Maternal and larval niche construction interact to shape development, survival, and population divergence in the dung beetle ${Onthophagus\:taurus}$

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Date

2020-08

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Evolution & Development

Abstract

Through niche construction, organisms modify their environments in ways that can alter how selection acts on themselves and their offspring. However, the role of niche construction in shaping developmental and evolutionary trajectories, and its importance for population divergences and local adaptation, remains largely unclear. In this study, we manipulated both maternal and larval niche construction and measured the effects on fitness-relevant traits in two rapidly diverging populations of the bull-headed dung beetle, Onthophagus taurus. We find that both types of niche construction enhance adult size, peak larval mass, and pupal mass, which when compromised lead to a synergistic decrease in survival. Furthermore, for one measure, duration of larval development, we find that the two populations have diverged in their reliance on niche construction: larval niche construction appears to buffer against compromised maternal niche construction only in beetles from Western Australia, but not in beetles from the Eastern United States. We discuss our results in the context of rapid adaptation to novel conditions and the role of niche construction therein.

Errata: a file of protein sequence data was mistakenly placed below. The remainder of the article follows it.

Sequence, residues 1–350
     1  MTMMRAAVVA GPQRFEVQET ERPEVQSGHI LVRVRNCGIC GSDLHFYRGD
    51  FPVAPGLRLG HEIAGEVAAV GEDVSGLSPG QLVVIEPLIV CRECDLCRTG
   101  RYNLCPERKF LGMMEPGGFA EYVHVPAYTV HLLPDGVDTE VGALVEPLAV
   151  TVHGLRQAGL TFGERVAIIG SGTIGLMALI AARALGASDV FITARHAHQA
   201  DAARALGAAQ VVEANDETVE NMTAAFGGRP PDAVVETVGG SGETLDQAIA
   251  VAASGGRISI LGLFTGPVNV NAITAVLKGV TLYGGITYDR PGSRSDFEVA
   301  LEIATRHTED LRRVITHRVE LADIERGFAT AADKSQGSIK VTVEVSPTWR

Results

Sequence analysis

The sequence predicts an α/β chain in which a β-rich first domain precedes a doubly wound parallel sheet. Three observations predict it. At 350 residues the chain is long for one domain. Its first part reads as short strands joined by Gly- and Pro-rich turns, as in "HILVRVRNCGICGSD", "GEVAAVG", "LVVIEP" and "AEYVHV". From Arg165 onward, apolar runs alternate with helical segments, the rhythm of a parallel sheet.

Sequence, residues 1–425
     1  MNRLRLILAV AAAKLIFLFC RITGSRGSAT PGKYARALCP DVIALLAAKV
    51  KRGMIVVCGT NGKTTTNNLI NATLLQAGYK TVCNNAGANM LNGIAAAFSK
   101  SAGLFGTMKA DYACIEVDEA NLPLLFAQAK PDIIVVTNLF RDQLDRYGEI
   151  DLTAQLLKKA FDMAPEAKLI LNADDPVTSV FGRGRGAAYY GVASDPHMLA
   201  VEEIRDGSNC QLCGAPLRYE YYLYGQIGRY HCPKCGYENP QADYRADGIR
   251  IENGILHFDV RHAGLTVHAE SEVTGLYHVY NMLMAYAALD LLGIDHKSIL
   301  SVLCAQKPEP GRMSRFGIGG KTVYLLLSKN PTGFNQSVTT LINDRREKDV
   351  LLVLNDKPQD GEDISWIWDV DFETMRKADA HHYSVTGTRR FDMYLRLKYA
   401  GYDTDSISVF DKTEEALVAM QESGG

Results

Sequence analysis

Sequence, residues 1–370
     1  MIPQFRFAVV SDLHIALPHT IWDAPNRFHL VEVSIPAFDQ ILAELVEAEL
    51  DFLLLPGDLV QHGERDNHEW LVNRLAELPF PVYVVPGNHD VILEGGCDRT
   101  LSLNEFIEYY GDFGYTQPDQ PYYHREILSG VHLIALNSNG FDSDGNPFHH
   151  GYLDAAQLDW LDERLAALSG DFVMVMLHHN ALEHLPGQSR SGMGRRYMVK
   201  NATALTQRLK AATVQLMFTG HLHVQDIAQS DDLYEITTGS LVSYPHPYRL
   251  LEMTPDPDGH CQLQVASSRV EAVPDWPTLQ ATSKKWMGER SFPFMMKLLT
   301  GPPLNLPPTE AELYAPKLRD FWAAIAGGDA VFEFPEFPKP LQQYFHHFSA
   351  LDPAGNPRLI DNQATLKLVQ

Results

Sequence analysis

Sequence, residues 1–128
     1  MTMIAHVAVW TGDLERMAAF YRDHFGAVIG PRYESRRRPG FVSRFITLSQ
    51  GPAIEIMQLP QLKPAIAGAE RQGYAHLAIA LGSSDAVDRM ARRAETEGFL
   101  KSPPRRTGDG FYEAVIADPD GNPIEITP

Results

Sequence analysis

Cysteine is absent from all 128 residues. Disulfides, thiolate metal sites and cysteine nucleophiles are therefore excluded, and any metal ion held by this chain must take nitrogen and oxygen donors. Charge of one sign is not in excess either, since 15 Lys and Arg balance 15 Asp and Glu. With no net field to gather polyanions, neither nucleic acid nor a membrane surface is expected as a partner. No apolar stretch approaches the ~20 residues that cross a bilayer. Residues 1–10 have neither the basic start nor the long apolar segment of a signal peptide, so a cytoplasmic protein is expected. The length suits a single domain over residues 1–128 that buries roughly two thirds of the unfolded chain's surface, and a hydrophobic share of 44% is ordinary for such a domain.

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Dury, GJ, Moczek, AP, Schwab, DB. Maternal and larval niche construction interact to shape development, survival, and population divergence in the dung beetle Onthophagus taurus. Evolution & Development. 2020; 22: 358– 369.

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